Use Case Future-proof infrastructure 2023

Building Sustainable and Resilient Cities: The Case for Investing in Multi-Sector Infrastructure

Most development challenges are interconnected, yet the solutions are often unidimensional. Now is the time to invest in multi-sector infrastructure that can respond to climate change and future needs!

Why multi-sector infrastructure?

Infrastructure is a fundamental component of public investment that is essential for ensuring healthy, productive, and attractive cities for residents and businesses. However, much of the infrastructure built in recent decades has been carbon-intensive and is responsible for 79 percent of all greenhouse gas emissions, as well as 88 percent of all adaptation costs. This has led to serious environmental and economic consequences, including the exacerbation of climate change impacts.

Furthermore, traditional infrastructure has often been unidimensional and unable to keep up with changing technological, social, and economic trends. As a result, it becomes obsolete, and unable to meet the needs of diverse stakeholders. Another challenge is that different infrastructure sectors such as transportation, energy, water, social housing, waste management, and telecommunications often operate in silos with minimal collaboration. This lack of collaboration can lead to inefficiencies, duplicated efforts, and inadequate responses to challenges. One of the main reasons for this siloed approach is the distinct regulatory frameworks and funding structures that govern each sector.

Future-proof infrastructure (FPI) is an innovative approach that aims to make infrastructure more responsive to changes in climate, and evolving economic and political situations, and adaptable to future needs. By anticipating and addressing potential challenges, FPI seeks to create a sustainable and resilient infrastructure that will provide long-term benefits. It recognizes that many development challenges facing our cities are complex and interconnected, and therefore require a holistic approach that involves collaboration across. Multi-sector infrastructure development focuses on creating a comprehensive and integrated infrastructure system that supports economic growth, social development, and sustainability.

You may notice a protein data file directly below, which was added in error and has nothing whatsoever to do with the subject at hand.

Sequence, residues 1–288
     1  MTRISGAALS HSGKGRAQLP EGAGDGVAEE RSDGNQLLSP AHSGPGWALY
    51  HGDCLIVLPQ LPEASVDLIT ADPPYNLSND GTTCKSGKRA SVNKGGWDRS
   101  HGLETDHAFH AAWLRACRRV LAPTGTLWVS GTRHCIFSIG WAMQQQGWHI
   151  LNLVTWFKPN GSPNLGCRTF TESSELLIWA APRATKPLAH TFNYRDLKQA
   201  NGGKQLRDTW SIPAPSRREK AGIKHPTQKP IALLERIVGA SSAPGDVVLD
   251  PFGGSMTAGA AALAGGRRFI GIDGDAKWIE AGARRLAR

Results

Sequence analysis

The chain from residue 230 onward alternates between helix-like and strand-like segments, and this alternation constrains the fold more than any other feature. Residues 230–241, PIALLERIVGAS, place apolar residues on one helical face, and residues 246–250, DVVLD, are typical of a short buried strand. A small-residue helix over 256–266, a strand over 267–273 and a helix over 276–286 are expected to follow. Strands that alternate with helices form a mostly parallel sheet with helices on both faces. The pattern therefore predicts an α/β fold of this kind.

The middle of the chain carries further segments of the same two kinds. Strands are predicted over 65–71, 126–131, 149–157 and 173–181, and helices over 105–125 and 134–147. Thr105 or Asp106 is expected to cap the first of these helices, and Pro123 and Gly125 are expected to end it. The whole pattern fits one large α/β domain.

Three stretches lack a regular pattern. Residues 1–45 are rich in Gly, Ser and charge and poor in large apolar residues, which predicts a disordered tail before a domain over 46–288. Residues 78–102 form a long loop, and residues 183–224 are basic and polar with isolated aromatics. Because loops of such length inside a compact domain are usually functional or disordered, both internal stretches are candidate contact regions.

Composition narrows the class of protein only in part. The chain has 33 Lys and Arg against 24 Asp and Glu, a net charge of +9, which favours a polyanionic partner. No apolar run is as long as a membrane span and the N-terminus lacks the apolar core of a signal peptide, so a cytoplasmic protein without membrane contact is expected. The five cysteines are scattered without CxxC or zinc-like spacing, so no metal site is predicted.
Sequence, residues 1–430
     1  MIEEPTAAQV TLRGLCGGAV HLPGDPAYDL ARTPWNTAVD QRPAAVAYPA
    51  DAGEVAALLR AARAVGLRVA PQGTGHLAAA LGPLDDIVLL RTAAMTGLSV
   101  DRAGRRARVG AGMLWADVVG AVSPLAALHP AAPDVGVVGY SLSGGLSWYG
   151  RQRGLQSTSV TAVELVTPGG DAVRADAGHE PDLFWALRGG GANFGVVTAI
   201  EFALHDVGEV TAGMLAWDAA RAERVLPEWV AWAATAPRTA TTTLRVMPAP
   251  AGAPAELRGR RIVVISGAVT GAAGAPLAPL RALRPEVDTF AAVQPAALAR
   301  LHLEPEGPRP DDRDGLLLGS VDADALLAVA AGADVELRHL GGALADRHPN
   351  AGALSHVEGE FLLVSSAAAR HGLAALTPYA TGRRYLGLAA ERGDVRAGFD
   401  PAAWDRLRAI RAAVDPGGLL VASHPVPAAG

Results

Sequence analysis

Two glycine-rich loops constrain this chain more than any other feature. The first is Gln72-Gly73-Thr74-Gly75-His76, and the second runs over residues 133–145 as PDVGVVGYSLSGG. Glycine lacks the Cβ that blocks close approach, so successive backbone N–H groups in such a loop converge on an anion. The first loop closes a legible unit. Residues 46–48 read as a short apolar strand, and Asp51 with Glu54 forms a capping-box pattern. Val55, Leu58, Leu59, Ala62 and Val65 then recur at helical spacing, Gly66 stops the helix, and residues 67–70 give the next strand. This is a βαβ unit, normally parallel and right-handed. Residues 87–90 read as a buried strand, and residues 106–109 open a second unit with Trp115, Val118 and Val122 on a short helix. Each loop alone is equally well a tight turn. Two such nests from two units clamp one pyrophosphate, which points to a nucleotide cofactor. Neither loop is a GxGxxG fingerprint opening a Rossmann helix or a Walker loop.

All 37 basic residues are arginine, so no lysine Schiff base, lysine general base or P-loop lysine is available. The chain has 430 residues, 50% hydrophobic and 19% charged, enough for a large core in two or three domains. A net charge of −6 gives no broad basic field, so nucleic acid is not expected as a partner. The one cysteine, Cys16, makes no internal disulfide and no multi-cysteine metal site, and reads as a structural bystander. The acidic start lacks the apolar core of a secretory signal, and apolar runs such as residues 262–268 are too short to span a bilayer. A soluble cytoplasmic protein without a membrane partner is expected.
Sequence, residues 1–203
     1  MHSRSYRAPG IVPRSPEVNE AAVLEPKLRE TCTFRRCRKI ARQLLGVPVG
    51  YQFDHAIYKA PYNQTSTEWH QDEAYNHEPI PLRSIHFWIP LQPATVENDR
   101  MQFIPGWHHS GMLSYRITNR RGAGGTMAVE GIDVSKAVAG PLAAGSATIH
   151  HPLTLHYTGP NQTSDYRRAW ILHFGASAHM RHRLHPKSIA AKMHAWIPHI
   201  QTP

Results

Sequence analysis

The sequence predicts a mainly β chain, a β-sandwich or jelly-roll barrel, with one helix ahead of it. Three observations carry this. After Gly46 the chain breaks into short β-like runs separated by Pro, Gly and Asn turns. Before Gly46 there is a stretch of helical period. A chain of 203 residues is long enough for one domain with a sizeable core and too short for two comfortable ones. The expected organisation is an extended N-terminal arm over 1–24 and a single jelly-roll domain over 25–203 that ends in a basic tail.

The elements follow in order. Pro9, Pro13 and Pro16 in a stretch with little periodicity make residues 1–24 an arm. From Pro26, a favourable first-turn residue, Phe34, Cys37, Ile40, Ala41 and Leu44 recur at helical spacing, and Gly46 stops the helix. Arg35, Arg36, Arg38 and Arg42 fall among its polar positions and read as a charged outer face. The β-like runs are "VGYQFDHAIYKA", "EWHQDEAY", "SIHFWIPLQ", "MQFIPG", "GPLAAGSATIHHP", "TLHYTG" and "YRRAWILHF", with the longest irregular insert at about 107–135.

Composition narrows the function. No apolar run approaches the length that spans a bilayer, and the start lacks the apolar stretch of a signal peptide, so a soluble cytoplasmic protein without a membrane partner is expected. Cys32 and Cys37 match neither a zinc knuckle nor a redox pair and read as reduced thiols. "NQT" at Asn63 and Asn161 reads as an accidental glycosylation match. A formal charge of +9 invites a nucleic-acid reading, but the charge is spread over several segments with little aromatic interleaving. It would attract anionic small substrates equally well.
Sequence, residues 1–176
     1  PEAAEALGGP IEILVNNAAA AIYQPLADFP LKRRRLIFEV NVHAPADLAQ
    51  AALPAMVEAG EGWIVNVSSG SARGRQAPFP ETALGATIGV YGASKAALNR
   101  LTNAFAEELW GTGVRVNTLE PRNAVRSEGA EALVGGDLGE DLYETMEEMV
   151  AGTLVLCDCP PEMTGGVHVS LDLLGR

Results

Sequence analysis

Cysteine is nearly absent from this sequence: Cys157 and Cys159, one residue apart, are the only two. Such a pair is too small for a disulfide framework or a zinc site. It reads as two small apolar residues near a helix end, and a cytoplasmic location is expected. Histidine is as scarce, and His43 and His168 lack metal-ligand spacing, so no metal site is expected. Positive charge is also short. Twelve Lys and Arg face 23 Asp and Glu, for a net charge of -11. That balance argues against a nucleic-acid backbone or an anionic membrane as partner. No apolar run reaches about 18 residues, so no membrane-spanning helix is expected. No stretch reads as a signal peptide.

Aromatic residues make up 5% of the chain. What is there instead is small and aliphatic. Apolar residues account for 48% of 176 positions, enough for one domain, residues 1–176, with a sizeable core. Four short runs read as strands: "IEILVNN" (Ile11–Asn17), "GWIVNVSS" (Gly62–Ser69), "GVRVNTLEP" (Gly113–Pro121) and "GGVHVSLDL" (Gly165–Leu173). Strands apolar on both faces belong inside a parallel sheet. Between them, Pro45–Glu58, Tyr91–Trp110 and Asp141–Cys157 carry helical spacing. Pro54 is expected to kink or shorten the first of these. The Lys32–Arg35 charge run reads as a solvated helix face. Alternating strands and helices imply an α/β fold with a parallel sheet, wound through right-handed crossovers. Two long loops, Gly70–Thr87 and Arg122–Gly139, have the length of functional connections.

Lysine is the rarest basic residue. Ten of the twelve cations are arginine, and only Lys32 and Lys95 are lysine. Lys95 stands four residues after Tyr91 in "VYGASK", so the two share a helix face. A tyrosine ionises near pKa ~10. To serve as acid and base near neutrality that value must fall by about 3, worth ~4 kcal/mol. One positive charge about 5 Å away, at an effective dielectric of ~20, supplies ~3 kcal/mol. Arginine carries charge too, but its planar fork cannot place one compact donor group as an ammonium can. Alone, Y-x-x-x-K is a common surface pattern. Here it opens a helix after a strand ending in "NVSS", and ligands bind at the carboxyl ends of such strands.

Advantages of investing in multi-sector infrastructure

  • Optimising resources: Shared facilities, knowledge and expertise, technical skills, and public finances help in achieving greater efficiency while optimising scarce resources.
  • Increased resilience: Multi-sector infrastructure development diversifies the economy, reducing dependence on any particular sector, which increases resilience to shocks and disasters.
  • Environmental sustainability: Sectors with environmental benefits like use of renewable energy, and reduction of greenhouse gas emissions can be promoted.
  • Social equity: Working collaboratively across sectors allows decision makers to identify and address social issues such as poverty, sanitation and hygiene, healthcare, housing, and education.
  • Limit political opportunism: Involvement of multiple sectors reduces the possibility of political capture.

Through the lens of this FPI featured project example given below, we can see the transformative potential of multi-sector infrastructure initiatives to generate substantial social and environmental impacts.

Topinao Socialized Housing and Permaculture Community: a Multidimensional Project Building Resilience and Livelihood

Baguio City's upcoming Socialized Housing and Permaculture Project is an excellent example of multi-sector infrastructure providing residence and creating livelihoods for the local community. The project aims to house 2,000 beneficiary families in a 5-hectare property, addressing the government's housing agenda of relocating families from danger areas, calamity-affected areas, and sites earmarked for government infrastructure projects. Apart from providing housing, the project also includes a permaculture component that promotes urban agriculture, agri-enterprise, and livelihood development, enabling a transition to a circular economy. The project has three components: Land purchase, Site Development, and Housing, with three separate sponsors financing it. Private sector finance will contribute 75 % of the capital cost, demonstrating the increasing involvement of the private sector in social and environmental initiatives.

To learn more about how infrastructure projects across multiple sectors can be integrated to improve resilience to climate change, and financial and political uncertainties, join the Future-Proof Infrastructure virtual event online on the 28th March.